I had therapy yesterday and talked about the CAA diagnosis and a variety of things, including the grief that surprised me upon understanding the CAA diagnosis. After work i was talking to my sister about mom's diagnosis and what we should do if the CAA diagnosis that was on her 1 Dec ER discharge papers wasn't discussed with us. While we were talking, we were interrupted with the news that Mom had collapsed and that she was being taken to the ER.
Christine fixed me a sandwich to take in the car and i got stuff together to go. My sister, who had been driving home, was well ahead of me in getting to the hospital. I arrived at 7 pm (by the timestamp on the photo of the garage level & row) and got to the skybridge to the hospital just as my dad did.
He told me the story of how Mom's whole side went numb, longer than the the previous Transient Focal Neurological Episodes, he went to get somethings together, in the moments he was away mom fell, possibly striking her head on the tile floor or the coffee table. He thinks she was trying to stand up. He called 911, and the EMTs were there before he finished the 911 call. She didn't remember falling.
We met up with my sister and spent only a brief time in the ER waiting room before joining Mom at her bed. I explained the CAA diagnosis from Dec 1st. She continued to be unable to move her right side, and she couldn't clearly communicate. Shortly Mom was admitted to the neurological ICU.
The ICU visitor room waiting had a major failure to communicate so we were all there until almost midnight waiting. We did have a brief chat with the trauma team, but they were interrogating us: they had no news. Apparently, no news is good news. Eventually, i found i could call the ICU and got permission to go back. After talking to the nurse, i could bring my sister & dad back. I spent some time while my sister & dad dealt with some vehicular and meal issues, then my sister spent the night. I left at 1 am.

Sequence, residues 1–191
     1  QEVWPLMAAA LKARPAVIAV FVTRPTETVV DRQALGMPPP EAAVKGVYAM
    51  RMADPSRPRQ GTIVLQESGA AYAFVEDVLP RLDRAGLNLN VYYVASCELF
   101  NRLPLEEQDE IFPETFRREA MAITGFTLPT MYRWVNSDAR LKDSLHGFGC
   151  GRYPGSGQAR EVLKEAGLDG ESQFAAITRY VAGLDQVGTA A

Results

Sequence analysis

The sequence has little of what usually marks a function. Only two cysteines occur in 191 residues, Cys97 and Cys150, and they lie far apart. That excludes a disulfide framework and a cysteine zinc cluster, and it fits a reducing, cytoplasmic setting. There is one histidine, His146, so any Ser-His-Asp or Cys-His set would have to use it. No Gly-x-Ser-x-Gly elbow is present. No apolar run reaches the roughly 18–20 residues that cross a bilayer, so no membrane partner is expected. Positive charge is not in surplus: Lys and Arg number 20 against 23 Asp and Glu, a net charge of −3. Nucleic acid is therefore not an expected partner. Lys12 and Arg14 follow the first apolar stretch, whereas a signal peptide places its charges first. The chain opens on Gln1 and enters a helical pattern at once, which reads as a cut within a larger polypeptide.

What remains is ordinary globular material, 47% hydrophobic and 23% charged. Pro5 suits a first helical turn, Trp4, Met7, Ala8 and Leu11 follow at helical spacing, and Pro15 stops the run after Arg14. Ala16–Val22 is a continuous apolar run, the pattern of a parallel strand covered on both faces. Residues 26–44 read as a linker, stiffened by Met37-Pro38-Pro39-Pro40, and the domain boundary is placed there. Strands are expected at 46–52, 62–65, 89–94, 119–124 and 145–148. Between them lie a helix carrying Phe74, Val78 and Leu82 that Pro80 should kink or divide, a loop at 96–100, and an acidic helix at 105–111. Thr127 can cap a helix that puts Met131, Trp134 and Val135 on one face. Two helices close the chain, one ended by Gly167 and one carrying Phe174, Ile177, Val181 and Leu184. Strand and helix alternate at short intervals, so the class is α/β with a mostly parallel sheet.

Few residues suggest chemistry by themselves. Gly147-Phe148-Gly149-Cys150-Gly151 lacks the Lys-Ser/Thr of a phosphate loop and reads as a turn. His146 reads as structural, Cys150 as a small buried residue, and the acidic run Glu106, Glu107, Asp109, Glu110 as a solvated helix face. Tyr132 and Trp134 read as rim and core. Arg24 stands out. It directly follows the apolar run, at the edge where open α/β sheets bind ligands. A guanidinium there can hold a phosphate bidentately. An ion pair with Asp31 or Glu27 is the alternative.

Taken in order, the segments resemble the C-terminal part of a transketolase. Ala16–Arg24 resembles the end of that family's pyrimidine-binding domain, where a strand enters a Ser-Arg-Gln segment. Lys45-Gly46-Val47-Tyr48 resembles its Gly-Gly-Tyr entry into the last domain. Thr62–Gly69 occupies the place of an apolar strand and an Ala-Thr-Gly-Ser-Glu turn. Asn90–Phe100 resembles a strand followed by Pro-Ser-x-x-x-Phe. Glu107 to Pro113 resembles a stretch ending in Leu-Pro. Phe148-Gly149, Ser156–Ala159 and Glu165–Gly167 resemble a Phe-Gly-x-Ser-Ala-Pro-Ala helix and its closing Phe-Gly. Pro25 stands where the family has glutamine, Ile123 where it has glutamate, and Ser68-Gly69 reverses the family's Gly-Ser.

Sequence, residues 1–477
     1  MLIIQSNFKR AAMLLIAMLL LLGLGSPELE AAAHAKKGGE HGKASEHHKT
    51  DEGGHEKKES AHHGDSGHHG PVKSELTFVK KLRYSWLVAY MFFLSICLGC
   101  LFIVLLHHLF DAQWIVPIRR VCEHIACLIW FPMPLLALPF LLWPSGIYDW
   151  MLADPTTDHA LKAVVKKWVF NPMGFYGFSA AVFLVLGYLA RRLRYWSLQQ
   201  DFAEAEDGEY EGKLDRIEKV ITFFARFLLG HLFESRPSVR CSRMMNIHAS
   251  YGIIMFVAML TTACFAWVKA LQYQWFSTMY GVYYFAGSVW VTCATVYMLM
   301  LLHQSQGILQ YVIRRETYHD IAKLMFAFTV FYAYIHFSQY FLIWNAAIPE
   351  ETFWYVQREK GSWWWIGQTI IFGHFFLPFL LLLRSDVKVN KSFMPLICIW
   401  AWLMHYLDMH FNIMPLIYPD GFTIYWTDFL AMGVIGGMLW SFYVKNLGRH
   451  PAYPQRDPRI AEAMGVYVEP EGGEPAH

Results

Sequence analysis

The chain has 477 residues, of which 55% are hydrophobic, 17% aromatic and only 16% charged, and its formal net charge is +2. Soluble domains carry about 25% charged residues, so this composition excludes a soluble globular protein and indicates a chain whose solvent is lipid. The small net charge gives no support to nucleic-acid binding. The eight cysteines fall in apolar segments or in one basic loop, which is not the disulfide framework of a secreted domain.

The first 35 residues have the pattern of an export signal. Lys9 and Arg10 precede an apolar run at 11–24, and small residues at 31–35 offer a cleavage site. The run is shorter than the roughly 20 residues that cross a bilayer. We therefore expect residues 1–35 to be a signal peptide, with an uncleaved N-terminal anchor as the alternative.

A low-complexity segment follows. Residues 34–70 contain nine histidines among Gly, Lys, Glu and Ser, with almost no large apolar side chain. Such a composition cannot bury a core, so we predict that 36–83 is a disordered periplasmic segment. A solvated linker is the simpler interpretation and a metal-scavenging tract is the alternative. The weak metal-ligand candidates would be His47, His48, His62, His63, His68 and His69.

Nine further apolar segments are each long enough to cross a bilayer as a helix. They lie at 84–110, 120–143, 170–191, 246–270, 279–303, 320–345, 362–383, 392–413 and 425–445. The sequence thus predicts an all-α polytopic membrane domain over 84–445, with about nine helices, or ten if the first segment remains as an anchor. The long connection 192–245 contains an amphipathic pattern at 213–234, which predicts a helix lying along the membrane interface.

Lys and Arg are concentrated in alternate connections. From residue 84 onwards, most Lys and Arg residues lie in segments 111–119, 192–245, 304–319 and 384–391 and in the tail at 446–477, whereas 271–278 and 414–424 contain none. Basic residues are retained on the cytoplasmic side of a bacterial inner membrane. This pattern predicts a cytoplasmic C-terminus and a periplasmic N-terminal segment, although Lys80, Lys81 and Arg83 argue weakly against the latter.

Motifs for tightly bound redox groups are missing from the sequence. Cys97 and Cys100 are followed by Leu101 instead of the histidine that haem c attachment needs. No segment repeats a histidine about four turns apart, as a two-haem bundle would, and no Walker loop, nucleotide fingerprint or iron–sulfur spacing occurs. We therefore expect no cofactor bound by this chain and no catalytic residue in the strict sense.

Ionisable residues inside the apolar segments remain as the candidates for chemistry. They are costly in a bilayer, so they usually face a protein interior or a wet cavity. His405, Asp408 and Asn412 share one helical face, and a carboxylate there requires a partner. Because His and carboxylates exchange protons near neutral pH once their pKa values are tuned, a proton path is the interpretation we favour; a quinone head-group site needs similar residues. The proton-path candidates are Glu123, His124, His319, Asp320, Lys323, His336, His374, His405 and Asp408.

I was back at noon to relieve my father and be present to talk to the neurologist. He confirmed the CAA diagnosis -- and he underscored how uncertain everything is. Know what her wishes are, he underscored. (Later, Dad says they both have advance directives.)
The general prognosis is the rehabilitation work post stroke: addressing mobility and communication.
And I find I am pessimistic. She has avoided challenges the past few years; i wonder if it is part of the onset of dementia? I suspect the strong will I remember may not be there anymore. Can she motivate herself anymore?
I am staying tonight, listening to musicals to help her fall back asleep after the countless interruptions.